A natural gas drilling company in Arkansas did not violate the Fair Labor Standards Act when it re-designated the workweek of its drilling rig operators, but did not change their actual work schedules, resulting in the operators’ overtime hours being split between two payroll periods, the Eighth Circuit Court of Appeals has found. Abshire v. Redland Energy Servs., LLC, No. 11-3380 (8th Cir. Oct. 10, 2012). The Eighth Circuit has jurisdiction over Arkansas, Iowa, Minnesota, Missouri, Nebraska, North Dakota, and South Dakota.
Redland Energy Services drills and services gas wells in Arkansas. A crew of operators worked twelve-hour shifts for seven consecutive days, followed by seven days off. Redland scheduled its drill rig employees to work from Tuesdays through Mondays, so that they would have one weekend off every two weeks. Redland used a Tuesday to Monday workweek for drill rig employees for purposes of overtime calculations. It used a Sunday to Saturday workweek for its other employees, who worked Monday to Friday.
In an effort to save money, in May 2009, Redland reduced not only the size of its drill rig crews, but also changed the rig employees’ workweek designation to a Sunday to Saturday workweek. With this change, the rig employees’ workweek conformed to that of other employees. Redland advised the rig employees in a memorandum that there would not be a change to the actual workweek, which would remain Tuesday to Monday, but that there would be a reduction in overtime hours because the workweek for payroll purposes would be split into two payroll periods. Because of this change, five employees filed a FLSA lawsuit on behalf of themselves and similarly situated employees who might join in the action under the FLSA’s “opt-in” procedure. See 29 U.S.C. §216 (b).
The company’s reasoning and evidence presented for the workweek re-designation for the rig employees was that the consolidation reduced the time needed to “prepare payroll,” from five days to two a month. More importantly, the re-designation lowered “payroll expense by reducing the number of hours that drill rig employees must be paid at the FLSA-mandated overtime rate.”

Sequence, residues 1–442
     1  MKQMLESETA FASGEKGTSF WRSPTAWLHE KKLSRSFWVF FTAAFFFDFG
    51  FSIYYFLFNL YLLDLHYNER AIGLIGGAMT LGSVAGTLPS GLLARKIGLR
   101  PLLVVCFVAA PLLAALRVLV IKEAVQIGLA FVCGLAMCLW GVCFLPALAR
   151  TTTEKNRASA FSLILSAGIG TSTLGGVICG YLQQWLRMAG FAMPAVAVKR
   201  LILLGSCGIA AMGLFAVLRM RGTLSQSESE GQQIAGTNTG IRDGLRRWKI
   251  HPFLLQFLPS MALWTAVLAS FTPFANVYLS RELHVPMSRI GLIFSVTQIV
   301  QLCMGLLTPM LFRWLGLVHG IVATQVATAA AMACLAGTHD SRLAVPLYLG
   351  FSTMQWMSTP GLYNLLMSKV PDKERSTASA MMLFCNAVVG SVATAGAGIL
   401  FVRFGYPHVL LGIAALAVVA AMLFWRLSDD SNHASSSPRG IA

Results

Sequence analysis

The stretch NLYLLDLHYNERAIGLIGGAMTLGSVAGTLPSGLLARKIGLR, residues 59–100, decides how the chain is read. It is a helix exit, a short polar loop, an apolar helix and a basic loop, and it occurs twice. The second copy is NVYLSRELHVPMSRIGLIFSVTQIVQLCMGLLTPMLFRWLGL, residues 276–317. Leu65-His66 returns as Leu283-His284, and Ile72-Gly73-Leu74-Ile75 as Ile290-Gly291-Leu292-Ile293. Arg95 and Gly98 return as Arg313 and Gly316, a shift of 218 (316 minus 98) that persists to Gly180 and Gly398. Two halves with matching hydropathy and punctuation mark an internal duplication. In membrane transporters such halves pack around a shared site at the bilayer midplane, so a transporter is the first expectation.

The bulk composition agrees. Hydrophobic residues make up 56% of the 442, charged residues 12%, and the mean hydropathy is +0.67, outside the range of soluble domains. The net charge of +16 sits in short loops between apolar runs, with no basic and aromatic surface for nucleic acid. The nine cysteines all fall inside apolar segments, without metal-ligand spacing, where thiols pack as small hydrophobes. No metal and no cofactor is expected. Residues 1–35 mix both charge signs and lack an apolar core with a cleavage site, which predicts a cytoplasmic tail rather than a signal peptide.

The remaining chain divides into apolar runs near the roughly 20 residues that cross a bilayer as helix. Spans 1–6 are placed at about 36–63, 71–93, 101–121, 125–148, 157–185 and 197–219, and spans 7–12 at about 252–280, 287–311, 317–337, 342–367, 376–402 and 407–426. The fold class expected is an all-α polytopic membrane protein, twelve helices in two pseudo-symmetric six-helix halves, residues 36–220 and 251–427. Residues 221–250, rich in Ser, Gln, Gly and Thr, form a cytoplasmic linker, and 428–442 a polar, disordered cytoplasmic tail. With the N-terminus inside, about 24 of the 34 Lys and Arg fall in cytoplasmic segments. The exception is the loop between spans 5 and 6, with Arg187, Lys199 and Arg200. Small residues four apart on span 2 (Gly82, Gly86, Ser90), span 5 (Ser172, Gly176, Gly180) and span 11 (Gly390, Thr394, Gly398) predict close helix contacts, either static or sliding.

The drill employees argued that the FLSA prohibits an employer from changing an existing workweek for the purpose of reducing employee overtime and that Redland’s objective in “changing the workweek was to reduce work at overtime rates and that Redland’s claim of the administrative efficiencies was pretextual.”
The FLSA does not define the term “workweek.” The Department of Labor regulations at 29 C.F.R. 778.105 define workweek to mean:
fixed and regularly recurring period of 168 hours – seven consecutive 24-hour periods. It need not coincide with the calendar week, but can begin on any day and at any hour of the day.
Relying upon this language, the Eighth Circuit found that an employer does not violate the FLSA merely because it designates a consistent workweek in which employees earn fewer overtime hours “than they would if the workweek was more favorably aligned with their work schedules.” The Court further opined that it was “aware of no contrary authority,” with the exception of dicta in Seymore v. Metson Marine Inc., 128 Cal. Rptr. 3d 13, 17 WH Cases2d 1069 (Cal. Ct. App. 2011) (41 DLR A-1, 3/2/11), in which the state law of California was applied.
FLSA Permissible Changes
The Court also found that the Labor Department, which enforces the FLSA, “has never interpreted its general caution that changes to the workweek may not be ‘designed to evade the overtime requirements,’ nor has it attempted to clarify what constitutes ‘evasion.’” Therefore, the Eighth Circuit said that “an employer’s effort to reduce its payroll expense is not contrary to the FLSA’s purpose,” and that courts “may not imply a prohibition that cannot be found” in the FLSA.
The Eighth Circuit relied upon two other court cases, Kerbes v. Raceway Associates LLC, 961 N.E. 2d 865 (Ill. App. 2011), and Morehead v. City of Pearl, 763 F. Supp. 175 (S.D. Miss. 1990), in finding that a re-designation of the workweek intended to reduce overtime was not an “evasion” of the statutory overtime requirement. It held that “[s]o long as the change is intended to be permanent, and it is implemented in accordance with the FLSA, the employer’s reasons for adopting the change are irrelevant.” Thus, an employer’s efforts to reduce its payroll expense are not contrary to the FLSA’s purpose.